If Boris does decide to go early then I suspect that there will be two factors at work. First, there are the ambitions that his wife holds. However, she too may decide that the newspaper headlines are not worth it and persuade him that the game is up.
Secondly, Boris loves winning. So, if he concludes that he is unlikely to win in 2024 then he might decide to bow out. I expect him to reflect not on mid term bye-election defeats but how the polls are looking in early 2023. If things seem to be moving back in his favour, he may conclude that he can make a comeback. Remember, that Margaret Thatcher hit depths of unpopularity mid-term before winning comfortable landslide victories in 1983 and 1987. Of course, he will probably need a significant turning point to come through such as a Ukrainian victory or an improvement in the economic picture.
Other factors to consider
Of course, things may well be taken out of Boris’ hands if he discovers that his MPS have turned completely against him, though don’t underestimate his ability to survive. After all, he started out as Prime Minister back in 2019 without a majority and with most of his own party either against him or reluctantly supporting him. He may well relish a bit of mischief making. Indeed, setting himself up as the plucky underdog against the establishment, in Government but acting as if in opposition may well work for him.
Whilst Boris doesn’t command the confidence of his backbench MPs, he does has an advantage over Theresa May’s position. For her, it wasn’t merely about popularity and electability but that she simply could not bring together a majority behind her primary policy -the Brexit deal. Whilst Tory MPs are likely to be emboldened now in resisting any further tax increases, that’s more a problem for the Chancellor than the Prime Minister. Their opposition to him is personal rather than about policy. So, we shouldn’t automatically expect him to struggle in getting his business through the House of Commons.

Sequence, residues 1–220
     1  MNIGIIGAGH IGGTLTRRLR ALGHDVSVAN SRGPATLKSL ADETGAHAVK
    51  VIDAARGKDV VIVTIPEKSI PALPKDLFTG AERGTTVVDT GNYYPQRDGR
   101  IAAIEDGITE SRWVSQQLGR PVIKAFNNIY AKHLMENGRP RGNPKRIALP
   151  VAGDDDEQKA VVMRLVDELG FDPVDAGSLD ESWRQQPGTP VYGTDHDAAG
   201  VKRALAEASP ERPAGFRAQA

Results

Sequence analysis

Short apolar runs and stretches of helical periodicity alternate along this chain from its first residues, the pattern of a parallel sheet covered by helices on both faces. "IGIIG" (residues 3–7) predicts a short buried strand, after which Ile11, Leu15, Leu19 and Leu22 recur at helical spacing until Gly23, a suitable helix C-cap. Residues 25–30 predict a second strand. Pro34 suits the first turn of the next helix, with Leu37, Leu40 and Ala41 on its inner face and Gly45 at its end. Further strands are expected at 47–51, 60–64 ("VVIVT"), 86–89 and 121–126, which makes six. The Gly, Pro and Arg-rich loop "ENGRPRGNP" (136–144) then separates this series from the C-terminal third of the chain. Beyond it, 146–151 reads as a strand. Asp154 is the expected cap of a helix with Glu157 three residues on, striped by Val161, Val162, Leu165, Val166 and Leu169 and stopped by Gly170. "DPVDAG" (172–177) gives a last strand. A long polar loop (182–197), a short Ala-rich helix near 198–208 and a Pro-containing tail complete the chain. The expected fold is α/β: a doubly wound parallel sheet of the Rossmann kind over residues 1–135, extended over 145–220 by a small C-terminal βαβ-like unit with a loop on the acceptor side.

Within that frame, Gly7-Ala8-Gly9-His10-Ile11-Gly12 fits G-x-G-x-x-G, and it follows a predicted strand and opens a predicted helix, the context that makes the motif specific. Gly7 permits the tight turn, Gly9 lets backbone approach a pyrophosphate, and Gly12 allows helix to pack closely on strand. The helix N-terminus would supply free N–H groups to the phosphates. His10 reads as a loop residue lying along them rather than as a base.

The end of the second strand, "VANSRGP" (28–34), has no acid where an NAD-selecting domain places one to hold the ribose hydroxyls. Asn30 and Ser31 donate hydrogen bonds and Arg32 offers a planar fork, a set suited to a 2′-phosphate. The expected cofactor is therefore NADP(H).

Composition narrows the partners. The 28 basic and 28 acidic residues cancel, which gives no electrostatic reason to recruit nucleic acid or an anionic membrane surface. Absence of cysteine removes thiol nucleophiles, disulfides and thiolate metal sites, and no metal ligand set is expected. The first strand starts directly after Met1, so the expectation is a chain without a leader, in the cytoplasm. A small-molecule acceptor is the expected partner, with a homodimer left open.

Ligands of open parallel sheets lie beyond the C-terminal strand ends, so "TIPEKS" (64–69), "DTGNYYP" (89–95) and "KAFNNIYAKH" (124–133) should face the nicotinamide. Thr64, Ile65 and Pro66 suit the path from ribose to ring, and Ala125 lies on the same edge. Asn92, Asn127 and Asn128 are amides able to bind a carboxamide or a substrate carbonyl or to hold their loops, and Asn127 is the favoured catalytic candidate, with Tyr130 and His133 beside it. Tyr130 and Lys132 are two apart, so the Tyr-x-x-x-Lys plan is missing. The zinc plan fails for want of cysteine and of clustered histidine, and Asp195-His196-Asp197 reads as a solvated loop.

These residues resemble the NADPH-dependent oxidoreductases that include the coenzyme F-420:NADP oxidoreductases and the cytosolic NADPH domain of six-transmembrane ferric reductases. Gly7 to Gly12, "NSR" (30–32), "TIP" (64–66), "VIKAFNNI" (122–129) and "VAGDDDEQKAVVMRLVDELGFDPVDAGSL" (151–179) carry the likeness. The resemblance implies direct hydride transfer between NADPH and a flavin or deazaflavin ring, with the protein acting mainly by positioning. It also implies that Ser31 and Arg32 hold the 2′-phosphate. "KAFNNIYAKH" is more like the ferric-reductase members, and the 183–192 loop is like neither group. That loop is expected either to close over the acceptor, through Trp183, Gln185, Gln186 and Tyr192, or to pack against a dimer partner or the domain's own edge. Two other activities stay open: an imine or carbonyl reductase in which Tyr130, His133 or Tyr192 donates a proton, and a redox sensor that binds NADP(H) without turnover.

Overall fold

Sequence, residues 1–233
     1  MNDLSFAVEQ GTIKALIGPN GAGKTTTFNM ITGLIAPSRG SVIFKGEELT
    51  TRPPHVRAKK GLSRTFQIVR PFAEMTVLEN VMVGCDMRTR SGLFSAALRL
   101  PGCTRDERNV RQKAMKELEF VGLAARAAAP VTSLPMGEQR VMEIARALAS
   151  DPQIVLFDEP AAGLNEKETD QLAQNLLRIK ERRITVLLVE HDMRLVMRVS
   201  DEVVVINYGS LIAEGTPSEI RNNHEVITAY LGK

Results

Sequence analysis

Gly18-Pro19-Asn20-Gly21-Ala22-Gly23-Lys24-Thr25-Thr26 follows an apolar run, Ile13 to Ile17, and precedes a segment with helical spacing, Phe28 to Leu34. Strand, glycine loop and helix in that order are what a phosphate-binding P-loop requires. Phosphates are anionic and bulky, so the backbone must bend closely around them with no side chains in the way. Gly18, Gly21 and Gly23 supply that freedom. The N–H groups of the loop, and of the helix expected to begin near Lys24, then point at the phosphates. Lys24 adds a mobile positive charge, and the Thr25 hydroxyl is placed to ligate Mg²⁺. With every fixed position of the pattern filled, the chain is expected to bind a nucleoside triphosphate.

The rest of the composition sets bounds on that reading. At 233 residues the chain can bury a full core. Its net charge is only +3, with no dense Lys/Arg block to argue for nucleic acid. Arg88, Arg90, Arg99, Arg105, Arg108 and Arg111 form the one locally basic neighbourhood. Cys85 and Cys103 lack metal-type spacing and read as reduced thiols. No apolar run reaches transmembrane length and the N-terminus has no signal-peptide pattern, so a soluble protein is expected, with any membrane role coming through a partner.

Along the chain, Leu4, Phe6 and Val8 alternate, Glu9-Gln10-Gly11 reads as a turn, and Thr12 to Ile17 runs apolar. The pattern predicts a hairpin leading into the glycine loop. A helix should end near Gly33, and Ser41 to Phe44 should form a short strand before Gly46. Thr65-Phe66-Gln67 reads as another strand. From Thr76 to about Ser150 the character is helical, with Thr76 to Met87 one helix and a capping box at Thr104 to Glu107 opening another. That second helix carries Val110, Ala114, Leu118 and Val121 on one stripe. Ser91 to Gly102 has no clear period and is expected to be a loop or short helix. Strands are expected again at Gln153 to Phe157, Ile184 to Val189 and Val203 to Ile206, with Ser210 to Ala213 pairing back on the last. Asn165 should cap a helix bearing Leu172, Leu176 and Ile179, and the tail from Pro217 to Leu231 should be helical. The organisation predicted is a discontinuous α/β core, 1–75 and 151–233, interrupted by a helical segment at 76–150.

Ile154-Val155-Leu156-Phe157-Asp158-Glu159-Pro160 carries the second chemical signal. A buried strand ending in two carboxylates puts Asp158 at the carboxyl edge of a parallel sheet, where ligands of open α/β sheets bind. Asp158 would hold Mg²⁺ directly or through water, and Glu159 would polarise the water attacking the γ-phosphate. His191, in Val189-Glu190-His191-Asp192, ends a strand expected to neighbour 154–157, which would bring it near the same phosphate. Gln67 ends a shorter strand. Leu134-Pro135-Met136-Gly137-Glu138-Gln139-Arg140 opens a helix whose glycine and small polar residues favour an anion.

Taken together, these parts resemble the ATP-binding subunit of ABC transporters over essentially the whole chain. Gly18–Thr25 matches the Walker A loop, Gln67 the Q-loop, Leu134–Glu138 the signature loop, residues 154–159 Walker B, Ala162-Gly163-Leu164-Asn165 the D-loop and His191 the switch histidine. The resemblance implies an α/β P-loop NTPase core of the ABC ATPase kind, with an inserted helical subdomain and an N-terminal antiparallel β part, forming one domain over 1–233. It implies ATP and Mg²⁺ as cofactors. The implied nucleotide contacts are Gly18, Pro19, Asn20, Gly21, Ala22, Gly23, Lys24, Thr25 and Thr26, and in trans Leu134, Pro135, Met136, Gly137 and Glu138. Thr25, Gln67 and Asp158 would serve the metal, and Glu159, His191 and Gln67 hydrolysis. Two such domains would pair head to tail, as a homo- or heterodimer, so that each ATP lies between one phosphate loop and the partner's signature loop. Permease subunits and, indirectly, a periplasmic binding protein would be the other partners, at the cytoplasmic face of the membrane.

I think it’s a mistake to assume that he is protected by the lack of an obvious successor. Future leaders have often emerged seemingly from nowhere -think Major in 1990, or Cameron benefitting from the surprise factor of his 2005 conference speech. It wasn’t a done deal that Boris could replace May in 2019. In fact many considered him a busted flush, his ability to reach beyond core Tory support seen as contaminated by Brexit and his failed time at the Foreign Office. He also was unpopular with MPs. Indeed on the rare occasion when an obvious successor has been in place whether Brown for Blair in 2007 or indeed May for Cameron in 2016, things have not always worked out too well.
In many respects, a lot depends on events over the next year and also the mood of Conservative MPs. If one of the big office holders is forced out or decides to walk, we could see a younger, less well known MP promoted into one of the great offices of state and from there build their profile. Watch out for Kemi Badenoch. Alternatively, MPs may decide that the next election is one to lose anyway and so look for a caretaker leader who will minimise losses before skipping a generation in opposition. Such a scenario would probably suit someone like Ben Wallace.